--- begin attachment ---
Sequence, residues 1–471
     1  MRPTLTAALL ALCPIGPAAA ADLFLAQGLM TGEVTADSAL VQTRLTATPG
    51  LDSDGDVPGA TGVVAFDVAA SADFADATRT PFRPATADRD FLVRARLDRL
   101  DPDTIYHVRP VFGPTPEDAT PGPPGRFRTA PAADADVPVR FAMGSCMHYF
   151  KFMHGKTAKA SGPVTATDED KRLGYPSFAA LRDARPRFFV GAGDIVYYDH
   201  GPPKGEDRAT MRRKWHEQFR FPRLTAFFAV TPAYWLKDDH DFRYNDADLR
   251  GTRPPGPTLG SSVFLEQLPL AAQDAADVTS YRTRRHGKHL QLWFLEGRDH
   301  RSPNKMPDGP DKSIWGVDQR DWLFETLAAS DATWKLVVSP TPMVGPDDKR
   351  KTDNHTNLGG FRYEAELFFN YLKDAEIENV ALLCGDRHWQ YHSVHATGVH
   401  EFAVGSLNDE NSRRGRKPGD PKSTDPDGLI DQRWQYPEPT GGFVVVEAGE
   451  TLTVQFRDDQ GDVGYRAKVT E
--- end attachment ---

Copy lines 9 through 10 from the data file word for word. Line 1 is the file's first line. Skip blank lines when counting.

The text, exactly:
   351  KTDNHTNLGG FRYEAELFFN YLKDAEIENV ALLCGDRHWQ YHSVHATGVH
   401  EFAVGSLNDE NSRRGRKPGD PKSTDPDGLI DQRWQYPEPT GGFVVVEAGE